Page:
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Title: AMPK signaling in skeletal muscle during exercise: Role of reactive oxygen and nitrogen species
Authors: Morales Alamo, David 
López Calbet, José Antonio 
UNESCO Clasification: 241106 Fisiología del ejercicio
Keywords: Activated Protein-Kinase
Exhaustive Physical-Exercise
Anaerobic Energy-Release
Fatty-Acid Oxidation
Sprint Exercise, et al
Issue Date: 2016
Project: Viabilidad y Sostenibilidad Del Adelgazamiento Mediante Tratamiento Intensificado en Pacientes Con Sobrepeso U Obesidad: Mecanismos Neuroendocrinos y Moleculares 
Journal: Free Radical Biology and Medicine 
Abstract: Reactive oxygen and nitrogen species (RONS) are generated during exercise depending on intensity, duration and training status. A greater amount of RONS is released during repeated high-intensity sprint exercise and when the exercise is performed in hypoxia. By activating adenosine monophosphate-activated kinase (AMPK), RONS play a critical role in the regulation of muscle metabolism but also in the adaptive responses to exercise training. RONS may activate AMPK by direct an indirect mechanisms. Directly, RONS may activate or deactivate AMPK by modifying RONS-sensitive residues of the AMPK-α subunit. Indirectly, RONS may activate AMPK by reducing mitochondrial ATP synthesis, leading to an increased AMP:ATP ratio and subsequent Thr(172)-AMPK phosphorylation by the two main AMPK kinases: LKB1 and CaMKKβ. In presence of RONS the rate of Thr(172)-AMPK dephosphorylation is reduced. RONS may activate LKB1 through Sestrin2 and SIRT1 (NAD(+)/NADH.H(+)-dependent deacetylase). RONS may also activate CaMKKβ by direct modification of RONS sensitive motifs and, indirectly, by activating the ryanodine receptor (Ryr) to release Ca(2+). Both too high (hypoxia) and too low (ingestion of antioxidants) RONS levels may lead to Ser(485)-AMPKα1/Ser(491)-AMPKα2 phosphorylation causing inhibition of Thr(172)-AMPKα phosphorylation. Exercise training increases muscle antioxidant capacity. When the same high-intensity training is applied to arm and leg muscles, arm muscles show signs of increased oxidative stress and reduced mitochondrial biogenesis, which may be explained by differences in RONS-sensing mechanisms and basal antioxidant capacities between arm and leg muscles. Efficient adaptation to exercise training requires optimal exposure to pulses of RONS. Inappropriate training stimulus may lead to excessive RONS formation, oxidative inactivation of AMPK and reduced adaptation or even maladaptation. Theoretically, exercise programs should be designed taking into account the intrinsic properties of different skeletal muscles, the specific RONS induction and the subsequent signaling responses.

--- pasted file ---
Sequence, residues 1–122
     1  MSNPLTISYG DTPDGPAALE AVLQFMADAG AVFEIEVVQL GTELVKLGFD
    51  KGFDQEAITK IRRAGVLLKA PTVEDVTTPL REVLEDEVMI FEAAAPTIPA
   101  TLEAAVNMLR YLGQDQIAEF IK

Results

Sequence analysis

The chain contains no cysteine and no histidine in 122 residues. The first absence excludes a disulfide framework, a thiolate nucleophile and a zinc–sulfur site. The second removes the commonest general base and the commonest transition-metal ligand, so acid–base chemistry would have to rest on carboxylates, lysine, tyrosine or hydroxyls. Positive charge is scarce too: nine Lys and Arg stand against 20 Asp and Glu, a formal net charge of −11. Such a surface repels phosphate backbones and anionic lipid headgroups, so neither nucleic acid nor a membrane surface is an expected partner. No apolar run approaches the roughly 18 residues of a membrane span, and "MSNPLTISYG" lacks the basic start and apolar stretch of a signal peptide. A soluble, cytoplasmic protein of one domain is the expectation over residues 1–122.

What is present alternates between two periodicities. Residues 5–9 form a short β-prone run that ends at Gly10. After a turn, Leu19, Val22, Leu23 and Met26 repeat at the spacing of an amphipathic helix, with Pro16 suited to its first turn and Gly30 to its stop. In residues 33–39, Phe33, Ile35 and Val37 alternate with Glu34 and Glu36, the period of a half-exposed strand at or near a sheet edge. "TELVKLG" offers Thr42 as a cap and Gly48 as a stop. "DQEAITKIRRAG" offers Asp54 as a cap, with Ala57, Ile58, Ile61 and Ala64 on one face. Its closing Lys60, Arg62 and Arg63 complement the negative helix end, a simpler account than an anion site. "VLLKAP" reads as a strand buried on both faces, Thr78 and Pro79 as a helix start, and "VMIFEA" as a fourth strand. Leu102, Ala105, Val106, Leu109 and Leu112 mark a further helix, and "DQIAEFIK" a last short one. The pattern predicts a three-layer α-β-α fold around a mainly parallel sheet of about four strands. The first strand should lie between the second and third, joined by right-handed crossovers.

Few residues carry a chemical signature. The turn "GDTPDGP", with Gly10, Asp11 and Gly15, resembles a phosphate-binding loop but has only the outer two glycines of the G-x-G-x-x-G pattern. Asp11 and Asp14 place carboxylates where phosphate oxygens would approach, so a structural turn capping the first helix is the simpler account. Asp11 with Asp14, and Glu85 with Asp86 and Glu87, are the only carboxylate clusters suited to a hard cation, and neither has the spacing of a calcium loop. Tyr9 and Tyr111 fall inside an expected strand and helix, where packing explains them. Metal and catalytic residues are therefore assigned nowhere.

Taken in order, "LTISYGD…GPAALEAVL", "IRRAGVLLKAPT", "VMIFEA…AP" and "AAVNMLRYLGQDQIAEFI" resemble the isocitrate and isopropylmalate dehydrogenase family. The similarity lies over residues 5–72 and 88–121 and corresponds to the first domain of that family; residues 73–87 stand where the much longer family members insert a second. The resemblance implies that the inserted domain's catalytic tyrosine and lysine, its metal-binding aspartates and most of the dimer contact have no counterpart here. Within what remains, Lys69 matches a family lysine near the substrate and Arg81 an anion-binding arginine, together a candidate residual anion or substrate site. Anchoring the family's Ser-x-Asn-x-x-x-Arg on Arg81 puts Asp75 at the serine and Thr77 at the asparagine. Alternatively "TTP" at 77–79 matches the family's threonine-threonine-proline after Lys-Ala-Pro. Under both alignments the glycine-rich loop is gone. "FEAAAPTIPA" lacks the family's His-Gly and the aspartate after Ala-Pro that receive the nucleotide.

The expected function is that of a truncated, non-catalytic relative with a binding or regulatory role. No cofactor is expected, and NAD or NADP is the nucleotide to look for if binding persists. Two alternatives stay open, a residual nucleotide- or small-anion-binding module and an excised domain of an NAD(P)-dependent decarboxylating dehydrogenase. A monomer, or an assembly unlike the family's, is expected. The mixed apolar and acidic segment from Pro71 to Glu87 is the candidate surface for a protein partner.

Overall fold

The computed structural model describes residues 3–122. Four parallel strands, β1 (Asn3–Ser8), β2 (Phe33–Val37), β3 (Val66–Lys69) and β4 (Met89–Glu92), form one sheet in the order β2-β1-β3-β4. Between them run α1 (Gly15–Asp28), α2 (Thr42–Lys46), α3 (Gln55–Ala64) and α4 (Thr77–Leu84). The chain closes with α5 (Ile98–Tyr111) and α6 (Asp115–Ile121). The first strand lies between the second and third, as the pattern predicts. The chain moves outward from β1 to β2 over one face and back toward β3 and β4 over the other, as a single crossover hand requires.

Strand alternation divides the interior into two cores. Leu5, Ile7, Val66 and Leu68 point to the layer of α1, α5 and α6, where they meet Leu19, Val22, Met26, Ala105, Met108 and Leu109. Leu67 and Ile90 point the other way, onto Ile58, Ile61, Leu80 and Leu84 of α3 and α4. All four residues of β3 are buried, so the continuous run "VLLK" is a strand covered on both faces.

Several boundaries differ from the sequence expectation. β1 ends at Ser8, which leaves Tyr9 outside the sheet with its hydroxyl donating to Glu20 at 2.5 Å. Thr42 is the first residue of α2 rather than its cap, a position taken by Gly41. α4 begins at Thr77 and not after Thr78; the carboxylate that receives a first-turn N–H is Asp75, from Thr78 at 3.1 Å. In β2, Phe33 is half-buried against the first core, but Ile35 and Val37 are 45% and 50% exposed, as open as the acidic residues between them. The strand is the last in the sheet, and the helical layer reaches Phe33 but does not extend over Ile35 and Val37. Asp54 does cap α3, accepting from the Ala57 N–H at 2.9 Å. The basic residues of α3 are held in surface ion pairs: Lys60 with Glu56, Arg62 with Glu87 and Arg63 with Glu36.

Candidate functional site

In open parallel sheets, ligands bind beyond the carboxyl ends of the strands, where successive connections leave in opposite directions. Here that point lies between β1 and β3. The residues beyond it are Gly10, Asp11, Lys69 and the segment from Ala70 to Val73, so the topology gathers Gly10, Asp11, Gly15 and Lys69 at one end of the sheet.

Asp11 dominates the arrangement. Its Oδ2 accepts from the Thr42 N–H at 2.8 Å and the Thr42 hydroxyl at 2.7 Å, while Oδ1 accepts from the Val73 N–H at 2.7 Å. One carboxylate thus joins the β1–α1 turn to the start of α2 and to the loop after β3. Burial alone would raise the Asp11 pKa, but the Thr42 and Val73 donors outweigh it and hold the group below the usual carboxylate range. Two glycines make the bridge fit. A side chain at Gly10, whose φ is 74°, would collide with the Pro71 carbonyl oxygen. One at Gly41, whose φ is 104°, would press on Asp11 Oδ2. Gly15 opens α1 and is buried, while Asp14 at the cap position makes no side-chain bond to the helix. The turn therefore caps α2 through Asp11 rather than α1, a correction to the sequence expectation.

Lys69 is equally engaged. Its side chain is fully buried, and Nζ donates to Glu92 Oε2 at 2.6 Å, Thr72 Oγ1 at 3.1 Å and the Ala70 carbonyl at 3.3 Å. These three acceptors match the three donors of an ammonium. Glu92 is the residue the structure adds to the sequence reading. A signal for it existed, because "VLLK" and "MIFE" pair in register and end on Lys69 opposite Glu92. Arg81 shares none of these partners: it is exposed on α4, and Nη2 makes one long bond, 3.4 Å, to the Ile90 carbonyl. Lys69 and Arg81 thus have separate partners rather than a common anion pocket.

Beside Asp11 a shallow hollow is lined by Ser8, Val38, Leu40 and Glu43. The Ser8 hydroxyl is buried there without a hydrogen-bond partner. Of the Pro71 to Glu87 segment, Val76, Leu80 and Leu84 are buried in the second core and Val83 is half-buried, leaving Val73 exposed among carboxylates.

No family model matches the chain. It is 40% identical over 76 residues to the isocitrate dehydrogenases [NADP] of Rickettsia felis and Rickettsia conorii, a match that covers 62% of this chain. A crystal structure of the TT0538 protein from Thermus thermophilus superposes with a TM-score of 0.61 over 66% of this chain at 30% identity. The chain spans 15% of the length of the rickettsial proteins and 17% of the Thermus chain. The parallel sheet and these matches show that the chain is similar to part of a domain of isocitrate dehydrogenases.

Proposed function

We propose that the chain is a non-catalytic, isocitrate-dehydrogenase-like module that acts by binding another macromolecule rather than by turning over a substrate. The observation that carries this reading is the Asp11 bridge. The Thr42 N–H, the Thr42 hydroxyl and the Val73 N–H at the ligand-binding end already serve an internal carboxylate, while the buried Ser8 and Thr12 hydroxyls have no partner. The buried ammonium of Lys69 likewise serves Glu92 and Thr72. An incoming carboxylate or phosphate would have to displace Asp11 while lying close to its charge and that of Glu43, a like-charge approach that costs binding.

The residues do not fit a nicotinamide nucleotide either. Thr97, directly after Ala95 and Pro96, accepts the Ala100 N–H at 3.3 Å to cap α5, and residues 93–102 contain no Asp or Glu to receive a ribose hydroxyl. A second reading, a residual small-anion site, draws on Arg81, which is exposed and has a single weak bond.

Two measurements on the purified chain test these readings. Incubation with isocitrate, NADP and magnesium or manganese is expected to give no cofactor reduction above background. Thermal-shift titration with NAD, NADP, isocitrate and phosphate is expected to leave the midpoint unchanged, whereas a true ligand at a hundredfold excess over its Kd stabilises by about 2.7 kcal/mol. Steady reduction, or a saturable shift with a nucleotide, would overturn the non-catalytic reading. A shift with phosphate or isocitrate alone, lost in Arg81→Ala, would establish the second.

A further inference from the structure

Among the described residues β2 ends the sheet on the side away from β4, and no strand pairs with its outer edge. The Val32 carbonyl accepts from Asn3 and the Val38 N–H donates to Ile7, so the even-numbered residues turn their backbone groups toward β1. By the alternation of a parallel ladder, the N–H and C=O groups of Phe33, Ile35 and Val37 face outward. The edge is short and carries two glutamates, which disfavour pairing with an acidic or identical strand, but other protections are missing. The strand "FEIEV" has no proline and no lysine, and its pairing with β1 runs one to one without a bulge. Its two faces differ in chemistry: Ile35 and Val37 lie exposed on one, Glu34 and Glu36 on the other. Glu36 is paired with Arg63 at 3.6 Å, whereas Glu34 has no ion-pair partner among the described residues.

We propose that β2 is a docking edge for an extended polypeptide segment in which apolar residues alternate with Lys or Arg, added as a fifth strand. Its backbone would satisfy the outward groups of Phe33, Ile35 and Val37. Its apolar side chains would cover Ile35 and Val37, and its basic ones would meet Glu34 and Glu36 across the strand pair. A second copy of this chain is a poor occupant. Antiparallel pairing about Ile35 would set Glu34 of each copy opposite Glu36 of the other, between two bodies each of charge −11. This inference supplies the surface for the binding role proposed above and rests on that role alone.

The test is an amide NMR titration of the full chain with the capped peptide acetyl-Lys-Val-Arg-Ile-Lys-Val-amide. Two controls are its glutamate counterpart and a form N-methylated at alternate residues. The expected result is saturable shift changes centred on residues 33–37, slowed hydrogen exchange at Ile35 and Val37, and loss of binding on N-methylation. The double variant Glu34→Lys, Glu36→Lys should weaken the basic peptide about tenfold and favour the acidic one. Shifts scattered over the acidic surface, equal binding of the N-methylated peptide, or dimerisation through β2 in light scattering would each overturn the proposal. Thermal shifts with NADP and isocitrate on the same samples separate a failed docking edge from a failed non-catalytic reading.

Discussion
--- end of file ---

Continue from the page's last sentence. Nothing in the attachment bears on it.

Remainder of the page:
ISSN: 0891-5849
DOI: 10.1016/j.freeradbiomed.2016.01.012
Source: Free Radical Biology and Medicine [ISSN 0891-5849], v. 98, p. 68-77
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